J: I really appreciate how fast publishing a zine on Gumroad is. The last time I published a zine on gumroad, I uploaded the PDF, uploaded the cover, that took maybe 10 minutes. 15 minutes later, somebody had already bought it, printed it out, and tweeted a picture to me of the printed-out zine on their desk.

You can’t get from “I hit publish on the Internet” to “Someone across the country has a print copy on their desk” in 15 minutes with traditional publishing!

G: What have you learned about running a business?

J: Originally, I didn’t sell my zines – I gave them away for free (and the first 5 zines I wrote are still available for free at https://wizardzines.com!). For a long time, I was really scared of selling my work for some reason – I was really used to writing my blog for free, and the idea of charging money for something I’d written felt really weird to me.

It turns out that people are really happy to pay to support great work, and literally nothing that I was afraid of happening has happened. Instead, 2 really nice things have happened: first, I take the work more seriously (I spend more time on it and work harder on the polish), and I’ve also noticed that my readers take the work more seriously (because they paid for it, they’re more likely to actually print out the zines and read them and learn from them, which is what I want!).

At this point I make enough to live on from selling zines which I think is really incredible – for a long time I thought education work in tech wasn’t valued and that it wasn’t possible to make money by teaching people, but I was wrong!

G: Do you have any good tips to share for staying motivated, meeting goals, or boosting sales?

J: I’m a huge fan of doing things one baby step at a time. I’ve been working on this project a little at a time for almost 5 years now, while working full-time as a programmer and also spending a lot of time writing a blog. Here are a few of the things I’ve learned:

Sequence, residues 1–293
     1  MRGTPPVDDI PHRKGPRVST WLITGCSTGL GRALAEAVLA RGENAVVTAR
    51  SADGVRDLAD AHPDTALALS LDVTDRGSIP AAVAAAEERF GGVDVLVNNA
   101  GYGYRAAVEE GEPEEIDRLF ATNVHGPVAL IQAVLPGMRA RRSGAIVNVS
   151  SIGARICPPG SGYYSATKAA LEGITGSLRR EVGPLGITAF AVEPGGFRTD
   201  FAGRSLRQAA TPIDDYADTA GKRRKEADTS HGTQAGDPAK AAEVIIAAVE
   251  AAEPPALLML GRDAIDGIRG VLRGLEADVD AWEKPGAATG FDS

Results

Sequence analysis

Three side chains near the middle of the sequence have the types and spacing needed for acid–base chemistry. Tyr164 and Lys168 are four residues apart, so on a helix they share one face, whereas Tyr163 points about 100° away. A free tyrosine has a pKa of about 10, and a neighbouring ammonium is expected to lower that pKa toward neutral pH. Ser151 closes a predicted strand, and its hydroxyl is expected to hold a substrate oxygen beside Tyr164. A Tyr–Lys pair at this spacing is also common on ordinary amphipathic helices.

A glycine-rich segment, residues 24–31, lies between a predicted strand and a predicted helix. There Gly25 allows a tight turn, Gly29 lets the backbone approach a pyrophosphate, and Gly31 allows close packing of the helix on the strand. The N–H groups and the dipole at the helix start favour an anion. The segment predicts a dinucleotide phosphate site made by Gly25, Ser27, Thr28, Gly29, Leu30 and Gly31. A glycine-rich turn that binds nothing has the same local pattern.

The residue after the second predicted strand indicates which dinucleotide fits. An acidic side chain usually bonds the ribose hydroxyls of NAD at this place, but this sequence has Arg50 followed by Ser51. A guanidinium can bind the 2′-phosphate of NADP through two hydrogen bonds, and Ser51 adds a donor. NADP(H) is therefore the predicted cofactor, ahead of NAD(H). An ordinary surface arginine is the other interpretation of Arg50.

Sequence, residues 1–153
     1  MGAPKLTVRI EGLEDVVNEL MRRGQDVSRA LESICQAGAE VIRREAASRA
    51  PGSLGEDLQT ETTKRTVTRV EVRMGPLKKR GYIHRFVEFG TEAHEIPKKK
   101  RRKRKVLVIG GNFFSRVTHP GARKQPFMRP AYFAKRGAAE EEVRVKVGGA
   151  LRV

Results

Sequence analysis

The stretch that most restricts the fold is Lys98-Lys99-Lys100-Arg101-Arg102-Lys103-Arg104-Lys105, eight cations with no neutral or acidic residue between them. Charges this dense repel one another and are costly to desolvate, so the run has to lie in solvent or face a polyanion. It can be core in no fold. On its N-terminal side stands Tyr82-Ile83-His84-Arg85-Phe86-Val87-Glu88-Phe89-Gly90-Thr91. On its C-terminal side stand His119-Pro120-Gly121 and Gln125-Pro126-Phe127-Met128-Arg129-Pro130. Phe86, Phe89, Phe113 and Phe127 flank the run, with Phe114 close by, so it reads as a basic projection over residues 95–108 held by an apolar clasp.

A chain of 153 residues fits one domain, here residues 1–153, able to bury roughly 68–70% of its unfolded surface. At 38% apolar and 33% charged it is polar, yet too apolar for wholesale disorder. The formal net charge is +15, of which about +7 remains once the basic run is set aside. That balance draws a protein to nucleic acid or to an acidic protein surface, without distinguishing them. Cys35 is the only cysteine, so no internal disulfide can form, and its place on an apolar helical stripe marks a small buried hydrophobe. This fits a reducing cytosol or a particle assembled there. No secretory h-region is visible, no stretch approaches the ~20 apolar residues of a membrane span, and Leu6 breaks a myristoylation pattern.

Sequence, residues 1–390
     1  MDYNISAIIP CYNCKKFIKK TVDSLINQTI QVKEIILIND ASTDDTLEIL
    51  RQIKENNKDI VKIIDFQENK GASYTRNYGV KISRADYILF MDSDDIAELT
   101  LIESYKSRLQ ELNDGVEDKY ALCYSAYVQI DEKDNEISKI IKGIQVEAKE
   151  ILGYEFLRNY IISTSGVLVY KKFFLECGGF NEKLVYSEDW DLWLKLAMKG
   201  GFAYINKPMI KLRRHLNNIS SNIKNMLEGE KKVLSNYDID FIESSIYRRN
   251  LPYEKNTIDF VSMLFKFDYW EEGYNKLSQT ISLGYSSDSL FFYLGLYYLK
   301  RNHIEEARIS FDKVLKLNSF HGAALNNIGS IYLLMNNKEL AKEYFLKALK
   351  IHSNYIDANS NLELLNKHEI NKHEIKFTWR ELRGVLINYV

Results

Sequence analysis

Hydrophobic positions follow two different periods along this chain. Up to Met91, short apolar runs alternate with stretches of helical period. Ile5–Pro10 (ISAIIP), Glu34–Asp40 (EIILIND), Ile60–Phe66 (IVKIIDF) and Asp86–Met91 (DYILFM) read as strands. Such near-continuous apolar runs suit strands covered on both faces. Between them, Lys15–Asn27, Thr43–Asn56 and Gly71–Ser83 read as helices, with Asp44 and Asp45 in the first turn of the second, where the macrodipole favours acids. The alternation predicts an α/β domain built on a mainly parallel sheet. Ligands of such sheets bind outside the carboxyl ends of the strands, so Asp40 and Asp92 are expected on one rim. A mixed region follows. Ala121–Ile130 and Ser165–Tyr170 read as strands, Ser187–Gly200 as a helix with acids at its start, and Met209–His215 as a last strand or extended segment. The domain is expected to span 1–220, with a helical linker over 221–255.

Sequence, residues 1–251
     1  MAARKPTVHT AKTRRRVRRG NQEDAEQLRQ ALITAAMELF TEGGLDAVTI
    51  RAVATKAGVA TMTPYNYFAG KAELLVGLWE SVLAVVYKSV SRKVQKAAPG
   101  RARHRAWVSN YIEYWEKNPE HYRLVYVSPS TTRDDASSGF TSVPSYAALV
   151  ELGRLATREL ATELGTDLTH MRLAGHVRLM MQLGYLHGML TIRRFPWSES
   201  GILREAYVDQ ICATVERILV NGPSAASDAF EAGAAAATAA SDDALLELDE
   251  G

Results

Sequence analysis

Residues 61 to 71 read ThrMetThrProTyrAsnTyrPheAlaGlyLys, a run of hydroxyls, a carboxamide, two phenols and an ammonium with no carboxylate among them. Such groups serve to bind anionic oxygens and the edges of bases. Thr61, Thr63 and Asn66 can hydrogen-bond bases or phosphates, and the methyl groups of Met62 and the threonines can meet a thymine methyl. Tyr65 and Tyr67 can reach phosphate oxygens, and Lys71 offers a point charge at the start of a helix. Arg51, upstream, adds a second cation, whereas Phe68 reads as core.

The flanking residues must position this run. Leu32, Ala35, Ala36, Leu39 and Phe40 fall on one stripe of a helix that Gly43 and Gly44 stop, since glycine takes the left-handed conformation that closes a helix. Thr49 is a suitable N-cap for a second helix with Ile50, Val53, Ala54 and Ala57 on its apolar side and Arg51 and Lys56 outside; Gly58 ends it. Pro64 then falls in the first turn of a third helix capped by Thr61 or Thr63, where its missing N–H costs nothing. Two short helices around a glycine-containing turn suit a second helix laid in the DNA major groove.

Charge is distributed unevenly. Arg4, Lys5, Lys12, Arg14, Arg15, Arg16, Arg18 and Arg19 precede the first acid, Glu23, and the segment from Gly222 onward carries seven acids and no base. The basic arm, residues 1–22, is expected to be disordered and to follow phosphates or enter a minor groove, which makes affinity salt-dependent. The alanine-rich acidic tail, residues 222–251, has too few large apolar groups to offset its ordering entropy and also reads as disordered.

• Start at the intersection of what’s needed and what’s fun. I wrote a zine, printed it out, and gave it away at a conference. People liked it, and I decided that it was fun. This gave me the motivation to write another one.
  • Be willing to put in the time and work. From 2016-2018, I published six more zines. I also ran a tiny Indiegogo campaign to ship 100 zines to people. I handwrote all the addresses and licked all the envelopes myself.  
  • Put in the details that make you stand out and look professional. For the crowdfunding campaign, I got a custom “strace” stamp printed to stamp all the envelopes with. I also started hiring illustrators to illustrate the covers (since I can’t actually draw to save my life!). I registered a custom domain (wizardzines.com) and started a mailing list called “Saturday Comics”.
  • Know your value. I started giving away zines in my talks at every conference I spoke at. But instead of paying to print them myself, which was getting expensive, I asked the conferences to pay for printing instead. Then, in April 2018, I finally decided to start selling my zines instead of just giving them away.
  • Use profits to reinvest in your business. I bought an iPad with the profits from the zine. This was actually a big deal for me because the iPad is a WAY BETTER drawing tool than what I was using before and helped me work a lot faster.